Networking is bullshit. Do this instead.

This post is part of an illustrous Writer’s Guild called the Western Writers League. The topic for this series was poetry. No, it was networking. Here is what Chris wrote about it. We don’t know what happened to Ryan. Last time I heard from him, he was on a horse.

Teaching at the University, I oftentimes get asked about networking. It seems to be the kind of activity that lots of people have no idea how to approach. (I didn’t.)

It’s like you have never networked before, but everyone tells you how important it is, so now one needs to learn this seemingly very uncomfortable activity.

Scenes from awkward networking events come to mind, ones with me being dressed in some super uncomfortable outfit trying to strike up conversations with people I absolutely can’t relate to.

Questions arise.

What do I wear when networking?
Who do I need to network with?
How do I follow up?
At what point is it ok for me to ask for a job?

Valid questions, ones which truly befuddled me when I was a recent grad.

And then I went to my first networking event. It was in LA, some advertising industry mixer. The first guy I met was an Austrian guy roughly my age who had come to America to do a year of public service at the Museum of Tolerance. Mostly we just talked about riding bikes.

His name was Marc and we went on to do an Ironman together, walked the John Muir Trail and oh, I also married him and his wife.

And I never went to another networking event again.

Because I sort of think that networking is bullshit.

But what is the alternative? I mean, isn’t it valuable to have meaningful relationships with people you like who at some point could become mutually beneficial?


Do this.

Only “network” with people you’d like to be friends with. And then become friends. Go on adventures together. Drink too many beers together from time to time. Run together. Invite them over for dinner. Call them and catch up. Help them move. Do the shit that friends do.

And then be friends. For a year. Two, three, four, five, zehn, fifteen, twenty…you get the point. By the way, one of those words wasn’t in English. Did you catch which one? Duh…

Looking backward I now realize that all my most valuable business relationships (whatever that means) are with people who I consider to be good, scratch that, great friends.

My bosses at Geniuslink are Jesse and Jesse, who I went to both high school and college with. We have been great friends for as long as I have been in this country.

I advise A Hundred Years, run by Marc. Great friends.

Chris runs an agency called Corbin Brands. Together we won a big account a few years back, which we still advise. Before we ever worked together, we fished together. Him better than I. Much better.

Ryan runs Marmoset, an unbelievable music licensing agency in Portland. I help mentor some folks on his marketing team. We have been great friends for over a decade and have gotten into all kinds of trouble together. Mostly Ryan.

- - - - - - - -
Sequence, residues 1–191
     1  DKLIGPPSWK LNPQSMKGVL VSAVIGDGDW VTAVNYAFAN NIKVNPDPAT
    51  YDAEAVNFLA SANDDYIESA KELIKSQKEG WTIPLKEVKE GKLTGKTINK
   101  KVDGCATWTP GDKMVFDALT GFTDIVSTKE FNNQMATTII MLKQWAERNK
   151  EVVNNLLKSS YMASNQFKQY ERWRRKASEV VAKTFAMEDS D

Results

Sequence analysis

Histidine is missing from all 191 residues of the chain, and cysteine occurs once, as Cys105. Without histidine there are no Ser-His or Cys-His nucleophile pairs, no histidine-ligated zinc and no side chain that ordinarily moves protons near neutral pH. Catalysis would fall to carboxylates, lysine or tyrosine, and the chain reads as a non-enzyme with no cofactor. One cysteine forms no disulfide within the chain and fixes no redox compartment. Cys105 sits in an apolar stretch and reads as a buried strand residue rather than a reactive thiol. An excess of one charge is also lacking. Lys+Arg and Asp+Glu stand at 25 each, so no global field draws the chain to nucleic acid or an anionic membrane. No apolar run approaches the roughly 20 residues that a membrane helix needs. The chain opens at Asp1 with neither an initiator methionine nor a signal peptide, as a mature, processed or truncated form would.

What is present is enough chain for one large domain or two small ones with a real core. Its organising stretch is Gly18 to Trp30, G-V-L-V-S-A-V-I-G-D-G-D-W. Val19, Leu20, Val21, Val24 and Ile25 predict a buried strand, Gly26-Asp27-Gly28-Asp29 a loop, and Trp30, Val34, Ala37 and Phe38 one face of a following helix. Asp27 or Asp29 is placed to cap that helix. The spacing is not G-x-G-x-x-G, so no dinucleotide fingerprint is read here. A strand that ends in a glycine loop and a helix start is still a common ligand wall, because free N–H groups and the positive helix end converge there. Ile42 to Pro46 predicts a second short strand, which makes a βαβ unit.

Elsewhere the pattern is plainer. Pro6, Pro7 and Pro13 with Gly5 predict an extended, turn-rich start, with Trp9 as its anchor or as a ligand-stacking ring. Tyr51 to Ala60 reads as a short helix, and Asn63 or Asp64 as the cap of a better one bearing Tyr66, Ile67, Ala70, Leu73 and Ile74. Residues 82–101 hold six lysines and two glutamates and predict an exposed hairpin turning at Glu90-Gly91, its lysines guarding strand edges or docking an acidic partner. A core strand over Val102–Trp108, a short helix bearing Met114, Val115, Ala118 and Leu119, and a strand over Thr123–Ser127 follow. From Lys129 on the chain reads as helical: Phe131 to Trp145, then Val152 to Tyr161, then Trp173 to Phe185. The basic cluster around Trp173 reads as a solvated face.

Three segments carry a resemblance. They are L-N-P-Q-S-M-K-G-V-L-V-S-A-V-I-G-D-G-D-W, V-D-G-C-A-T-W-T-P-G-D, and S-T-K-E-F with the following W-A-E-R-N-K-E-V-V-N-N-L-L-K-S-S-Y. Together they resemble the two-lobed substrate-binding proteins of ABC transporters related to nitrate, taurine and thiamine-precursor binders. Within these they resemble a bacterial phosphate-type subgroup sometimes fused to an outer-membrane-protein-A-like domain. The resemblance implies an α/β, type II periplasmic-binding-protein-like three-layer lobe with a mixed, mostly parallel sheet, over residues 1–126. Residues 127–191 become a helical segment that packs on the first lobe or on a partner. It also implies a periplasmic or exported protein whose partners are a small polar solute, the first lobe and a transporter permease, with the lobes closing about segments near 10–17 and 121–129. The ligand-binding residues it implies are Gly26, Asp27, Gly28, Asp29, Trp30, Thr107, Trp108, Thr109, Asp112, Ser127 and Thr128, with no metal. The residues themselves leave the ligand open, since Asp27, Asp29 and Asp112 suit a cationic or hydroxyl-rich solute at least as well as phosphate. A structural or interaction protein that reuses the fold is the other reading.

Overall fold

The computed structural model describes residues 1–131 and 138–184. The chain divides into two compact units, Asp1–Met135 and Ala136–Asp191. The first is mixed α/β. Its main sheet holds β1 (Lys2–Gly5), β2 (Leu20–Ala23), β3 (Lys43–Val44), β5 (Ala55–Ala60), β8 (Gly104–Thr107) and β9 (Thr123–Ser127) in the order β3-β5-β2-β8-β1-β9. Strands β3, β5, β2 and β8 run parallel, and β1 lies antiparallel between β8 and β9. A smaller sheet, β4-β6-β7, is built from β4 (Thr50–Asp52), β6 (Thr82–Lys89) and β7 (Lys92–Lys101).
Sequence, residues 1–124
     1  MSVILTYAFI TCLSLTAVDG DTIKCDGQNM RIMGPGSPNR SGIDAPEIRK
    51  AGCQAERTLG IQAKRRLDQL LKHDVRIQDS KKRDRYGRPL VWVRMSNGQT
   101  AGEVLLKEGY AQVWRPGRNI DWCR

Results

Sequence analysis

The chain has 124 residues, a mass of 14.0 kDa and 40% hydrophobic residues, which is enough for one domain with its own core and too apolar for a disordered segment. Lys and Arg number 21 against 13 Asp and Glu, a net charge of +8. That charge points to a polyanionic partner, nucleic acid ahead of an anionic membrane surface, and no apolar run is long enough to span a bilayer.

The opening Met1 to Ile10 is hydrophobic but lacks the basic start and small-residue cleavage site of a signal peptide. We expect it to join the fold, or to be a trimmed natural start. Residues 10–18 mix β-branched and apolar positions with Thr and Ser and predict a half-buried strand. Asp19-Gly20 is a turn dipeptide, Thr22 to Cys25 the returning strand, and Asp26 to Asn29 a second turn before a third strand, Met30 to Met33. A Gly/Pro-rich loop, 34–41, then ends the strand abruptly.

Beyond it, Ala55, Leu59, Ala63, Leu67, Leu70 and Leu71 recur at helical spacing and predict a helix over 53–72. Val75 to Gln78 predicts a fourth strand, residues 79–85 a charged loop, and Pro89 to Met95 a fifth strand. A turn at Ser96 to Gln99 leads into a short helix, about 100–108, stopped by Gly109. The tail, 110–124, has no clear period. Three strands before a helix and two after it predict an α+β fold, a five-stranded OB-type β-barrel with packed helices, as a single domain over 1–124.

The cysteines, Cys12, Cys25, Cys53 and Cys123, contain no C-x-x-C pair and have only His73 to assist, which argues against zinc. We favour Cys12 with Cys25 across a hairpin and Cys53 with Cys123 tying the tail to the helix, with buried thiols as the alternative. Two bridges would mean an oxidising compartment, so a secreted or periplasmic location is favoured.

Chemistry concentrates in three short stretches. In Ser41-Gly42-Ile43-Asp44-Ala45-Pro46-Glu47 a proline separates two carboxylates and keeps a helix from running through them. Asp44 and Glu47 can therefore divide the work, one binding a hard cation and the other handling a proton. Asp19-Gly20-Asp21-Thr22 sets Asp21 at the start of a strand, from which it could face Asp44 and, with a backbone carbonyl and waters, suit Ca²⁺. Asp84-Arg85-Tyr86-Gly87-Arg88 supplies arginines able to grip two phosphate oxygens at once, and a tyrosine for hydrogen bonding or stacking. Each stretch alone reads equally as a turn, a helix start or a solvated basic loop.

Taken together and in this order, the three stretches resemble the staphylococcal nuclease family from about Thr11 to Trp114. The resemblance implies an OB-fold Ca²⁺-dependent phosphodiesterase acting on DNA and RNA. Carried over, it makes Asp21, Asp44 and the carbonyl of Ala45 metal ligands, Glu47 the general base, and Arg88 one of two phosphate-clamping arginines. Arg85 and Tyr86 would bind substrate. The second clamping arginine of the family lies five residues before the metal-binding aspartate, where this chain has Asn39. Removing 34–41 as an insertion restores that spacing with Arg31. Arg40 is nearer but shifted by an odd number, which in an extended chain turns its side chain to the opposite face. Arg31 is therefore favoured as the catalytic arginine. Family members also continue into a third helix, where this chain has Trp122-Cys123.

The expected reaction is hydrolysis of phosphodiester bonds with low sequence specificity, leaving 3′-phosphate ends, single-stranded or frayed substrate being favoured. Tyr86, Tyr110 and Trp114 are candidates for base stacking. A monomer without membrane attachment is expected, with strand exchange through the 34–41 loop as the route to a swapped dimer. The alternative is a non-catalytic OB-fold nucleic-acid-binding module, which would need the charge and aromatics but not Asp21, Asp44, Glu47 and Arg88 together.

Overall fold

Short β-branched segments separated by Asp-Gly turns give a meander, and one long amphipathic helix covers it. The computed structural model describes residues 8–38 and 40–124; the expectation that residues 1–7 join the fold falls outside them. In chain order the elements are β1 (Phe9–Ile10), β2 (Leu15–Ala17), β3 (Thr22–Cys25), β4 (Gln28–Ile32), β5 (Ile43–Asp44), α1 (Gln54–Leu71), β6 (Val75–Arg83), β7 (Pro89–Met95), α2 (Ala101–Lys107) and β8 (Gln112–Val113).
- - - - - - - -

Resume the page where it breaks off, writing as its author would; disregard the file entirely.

Frank runs an industrial feeding manufacturing company in the Midwest. I advise that company with their digital marketing. Last year Frank and I spent a week fly fishing in Wyoming.

Owen runs The Cycling House, the country’s most premiere cycling tourism company. I have been on the board for almost five years now, but it all started with us riding bikes together. By the way, I met Frank on that board.

Tim and Michelle are the founders of R2CGroup, my former employer. They’re by far the most successful couple I’ll ever meet. Most of all, they’re good friends of mine.

Carlyn helps run IdeaMensch. Last I checked, she’s still my girlfriend. No shared adventures yet, but I do love her wiener dog.


The list actually goes on….

So, to summarize, here is why I think networking is bullshit.

It’s trying to build a relationship for the sake of building a relationship, so at some point, it can mutually beneficial. The problem is the everything in between. It’s like hanging out with people you don’t like at all, just in case someday you can help each other move.

Here is what I’d do instead.

1. Build solid relationships with people you actually would want to be friends with. If it’s awkward, you’re doing it wrong. Be yourself at all costs. If you’re not hitting it off, you’re talking to the wrong person.

2. Become friends with those folks. Do the things that friends do together. If you’re ever wondering if it’s time to follow up with your network, go grab a beer with a friend of yours. Or do yoga, whatever floats your boat.

3. Offer to add value whenever you can. Be the first to offer to help them move. Give them advice when they’re looking for it. Be there for them. If you can help, do it.

Rinse, and repeat with however many awesome people can handle having in your life.

And if you think you have enough friends, that’s awesome too. Build great relationships with them.

Ps. There is a saying that you’re the average of the five people you surround yourself with. It’s likely true and can really play in your favor if you’re pursuing the lifelong friendships rather than networking strategy.

Ps2. That pic is of Marc and I on Mount Whitney, after walking the entire JMT trail together. Marc is taller than I, but he’s not 6.5 as Carlyn claimed the other day.